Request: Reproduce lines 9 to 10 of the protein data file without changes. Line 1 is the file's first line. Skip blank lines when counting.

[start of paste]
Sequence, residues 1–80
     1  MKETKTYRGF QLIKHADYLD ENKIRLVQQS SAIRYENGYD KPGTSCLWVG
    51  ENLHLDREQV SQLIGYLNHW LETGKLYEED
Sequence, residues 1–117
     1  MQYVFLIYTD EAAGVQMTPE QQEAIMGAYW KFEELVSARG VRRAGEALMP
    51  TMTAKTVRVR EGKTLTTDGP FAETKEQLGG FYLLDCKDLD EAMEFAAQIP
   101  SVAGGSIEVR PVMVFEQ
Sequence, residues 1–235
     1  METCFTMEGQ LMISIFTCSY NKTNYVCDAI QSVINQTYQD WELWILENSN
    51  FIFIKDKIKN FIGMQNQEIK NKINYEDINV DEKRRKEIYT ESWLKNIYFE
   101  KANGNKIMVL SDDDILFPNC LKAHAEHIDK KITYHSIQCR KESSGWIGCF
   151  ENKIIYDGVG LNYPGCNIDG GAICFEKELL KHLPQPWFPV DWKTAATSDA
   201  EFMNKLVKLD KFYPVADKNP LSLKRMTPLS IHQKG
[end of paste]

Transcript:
     1  METCFTMEGQ LMISIFTCSY NKTNYVCDAI QSVINQTYQD WELWILENSN
    51  FIFIKDKIKN FIGMQNQEIK NKINYEDINV DEKRRKEIYT ESWLKNIYFE